At Hooligan House, we believe in creating positive relationships between dogs and humans, one relationship at a time. You won’t see this technique on television, but we have tremendous success with it.
GG was afraid of everything and everyone when she first came to us. She had to be helped into a car and picked up and carried out of it. Her tail was constantly tucked tightly under her belly and she walked crouched down low to the floor. She wouldn’t eat her dinner or do her business if anyone was watching her. She shivered when she was touched and she wouldn’t look directly at other dogs.
We kept her away from our dogs for several days. We spent time showing GG that human touch is a good thing, and that every time we say her name it means that something nice is about to happen. Soon she would walk to us as soon as we said her name, and she learned that coming to us meant she would get a bacon-flavored treat. After about 6 days, when she had learned to trust us, we introduced GG to Jack.
He’s thirteen years old, a retired therapy dog that used to help me teach puppy obedience classes. He welcomed GG and then basically ignored her. He was courteous but not boisterous, and she learned that he wouldn’t run and play with her, but was a pleasant companion.
Two days ago, we brought Sissy outside to meet GG. Jack and GG had been hanging out for a few minutes beforehand, and when Sissy came out, she just walked up to GG, sniffed her, and that was that. They played chase for a few minutes, drank water together out of the bowl, and did a perimeter patrol together.
Last night we fed Sissy, Jack and GG at the same time. Their bowls were placed so that GG’s bowl was approximately six feet away from each of the others. In the following photos, you’ll see that Sissy’s and Jack’s tails are up while GG’s tail is still tucked. That’s a good signal for her to be sending at meal time. By tucking her tail when she’s eating, GG is telling the other two that although she is concentrating on her own bowl, she isn't taking ownership of it and she isn’t thinking about their food.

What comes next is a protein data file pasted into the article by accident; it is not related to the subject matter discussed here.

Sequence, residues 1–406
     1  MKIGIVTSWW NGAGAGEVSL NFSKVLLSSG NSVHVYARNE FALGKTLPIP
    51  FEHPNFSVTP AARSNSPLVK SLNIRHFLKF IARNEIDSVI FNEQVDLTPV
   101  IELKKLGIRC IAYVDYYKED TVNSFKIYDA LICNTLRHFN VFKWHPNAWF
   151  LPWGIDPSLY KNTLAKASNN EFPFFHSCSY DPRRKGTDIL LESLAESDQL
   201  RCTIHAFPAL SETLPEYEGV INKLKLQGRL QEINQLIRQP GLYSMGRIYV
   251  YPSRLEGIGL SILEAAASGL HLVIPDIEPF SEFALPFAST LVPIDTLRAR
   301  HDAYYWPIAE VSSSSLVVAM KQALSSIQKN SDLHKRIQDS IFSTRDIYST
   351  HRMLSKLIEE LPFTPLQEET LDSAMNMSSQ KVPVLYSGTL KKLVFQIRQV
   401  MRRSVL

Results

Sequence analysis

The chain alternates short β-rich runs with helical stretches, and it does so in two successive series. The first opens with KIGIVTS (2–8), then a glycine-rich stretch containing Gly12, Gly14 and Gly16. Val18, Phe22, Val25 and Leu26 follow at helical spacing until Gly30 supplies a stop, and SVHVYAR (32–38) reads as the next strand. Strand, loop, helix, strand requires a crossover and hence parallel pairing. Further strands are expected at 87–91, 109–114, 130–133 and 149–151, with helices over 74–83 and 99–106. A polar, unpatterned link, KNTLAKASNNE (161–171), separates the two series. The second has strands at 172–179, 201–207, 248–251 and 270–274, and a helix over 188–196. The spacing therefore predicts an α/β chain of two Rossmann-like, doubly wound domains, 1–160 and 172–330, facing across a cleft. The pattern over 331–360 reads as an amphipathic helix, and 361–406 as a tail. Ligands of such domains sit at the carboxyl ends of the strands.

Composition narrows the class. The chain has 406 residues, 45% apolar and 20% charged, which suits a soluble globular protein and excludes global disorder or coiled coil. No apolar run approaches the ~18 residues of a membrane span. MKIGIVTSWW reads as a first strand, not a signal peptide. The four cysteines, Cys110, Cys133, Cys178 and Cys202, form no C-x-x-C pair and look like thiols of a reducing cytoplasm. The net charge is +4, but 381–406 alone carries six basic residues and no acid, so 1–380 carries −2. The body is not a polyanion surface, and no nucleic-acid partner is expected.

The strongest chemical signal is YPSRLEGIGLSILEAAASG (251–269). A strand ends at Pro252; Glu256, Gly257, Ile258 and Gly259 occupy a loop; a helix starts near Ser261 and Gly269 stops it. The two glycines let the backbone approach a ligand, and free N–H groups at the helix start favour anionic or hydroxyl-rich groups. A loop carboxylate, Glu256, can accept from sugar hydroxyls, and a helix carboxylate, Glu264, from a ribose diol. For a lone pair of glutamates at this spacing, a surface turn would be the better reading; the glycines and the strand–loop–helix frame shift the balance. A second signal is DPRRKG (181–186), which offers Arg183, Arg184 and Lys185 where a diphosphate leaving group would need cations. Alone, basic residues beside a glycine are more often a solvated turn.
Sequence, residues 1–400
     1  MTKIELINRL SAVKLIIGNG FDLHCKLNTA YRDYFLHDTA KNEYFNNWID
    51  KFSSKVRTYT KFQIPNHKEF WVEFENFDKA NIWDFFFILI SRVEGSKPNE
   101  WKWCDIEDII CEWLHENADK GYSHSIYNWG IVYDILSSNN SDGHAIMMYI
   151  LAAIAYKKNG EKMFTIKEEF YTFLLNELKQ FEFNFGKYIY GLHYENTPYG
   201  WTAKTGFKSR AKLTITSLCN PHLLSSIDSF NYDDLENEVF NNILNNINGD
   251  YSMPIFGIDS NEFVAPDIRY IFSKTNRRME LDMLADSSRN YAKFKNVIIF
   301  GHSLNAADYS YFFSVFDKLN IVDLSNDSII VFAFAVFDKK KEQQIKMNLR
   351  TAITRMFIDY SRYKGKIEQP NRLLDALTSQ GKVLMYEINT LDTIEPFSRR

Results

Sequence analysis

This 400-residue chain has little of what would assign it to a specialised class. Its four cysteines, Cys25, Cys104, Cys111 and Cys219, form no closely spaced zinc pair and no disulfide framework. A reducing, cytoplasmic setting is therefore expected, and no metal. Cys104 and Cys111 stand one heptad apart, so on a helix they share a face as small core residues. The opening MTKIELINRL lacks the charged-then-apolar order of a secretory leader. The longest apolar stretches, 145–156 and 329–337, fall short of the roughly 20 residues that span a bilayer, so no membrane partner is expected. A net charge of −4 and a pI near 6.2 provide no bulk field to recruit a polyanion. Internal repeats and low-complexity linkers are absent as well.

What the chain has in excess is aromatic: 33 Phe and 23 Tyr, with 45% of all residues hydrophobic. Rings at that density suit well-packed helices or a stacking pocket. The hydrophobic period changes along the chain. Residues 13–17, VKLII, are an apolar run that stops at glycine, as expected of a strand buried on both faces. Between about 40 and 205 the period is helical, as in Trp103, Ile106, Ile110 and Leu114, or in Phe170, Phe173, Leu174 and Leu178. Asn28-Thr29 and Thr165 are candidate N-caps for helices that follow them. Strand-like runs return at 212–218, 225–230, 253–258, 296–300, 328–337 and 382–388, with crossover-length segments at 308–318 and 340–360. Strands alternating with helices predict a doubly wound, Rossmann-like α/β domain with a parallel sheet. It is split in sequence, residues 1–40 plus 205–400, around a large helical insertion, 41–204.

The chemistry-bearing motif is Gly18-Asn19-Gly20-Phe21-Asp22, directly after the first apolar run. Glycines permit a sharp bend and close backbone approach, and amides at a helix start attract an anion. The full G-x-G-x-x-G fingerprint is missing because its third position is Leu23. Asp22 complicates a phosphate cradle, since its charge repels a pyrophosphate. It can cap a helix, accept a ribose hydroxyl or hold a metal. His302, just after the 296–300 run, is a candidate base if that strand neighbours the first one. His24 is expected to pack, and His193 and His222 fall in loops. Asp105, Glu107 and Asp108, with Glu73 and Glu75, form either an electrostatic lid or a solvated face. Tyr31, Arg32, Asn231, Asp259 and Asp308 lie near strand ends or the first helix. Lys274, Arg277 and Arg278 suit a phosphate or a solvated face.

Sissy and GG
GG and Jack
In a few days, GG’s tail will go up while she eats. At the moment that occurs, she’ll be telling Jack and Sissy that she’s confident they aren’t presenting a threat to her food. All three of them will finish their dinners and then they’ll swap bowls to see if there are leftovers their pals may have overlooked. Bowl swapping after eating is a dog community thing. When it happens, GG will be positively integrated into a pack with Jack and Sissy.
While this is happening, we’ll introduce her to some other carefully chosen well-mannered dogs. This way GG will learn that it’s fun to be friendly with dogs outside your pack. It’s all about relationship. GG is learning how to build positive relationships and she is developing good meeting and greeting skills to help her in the future.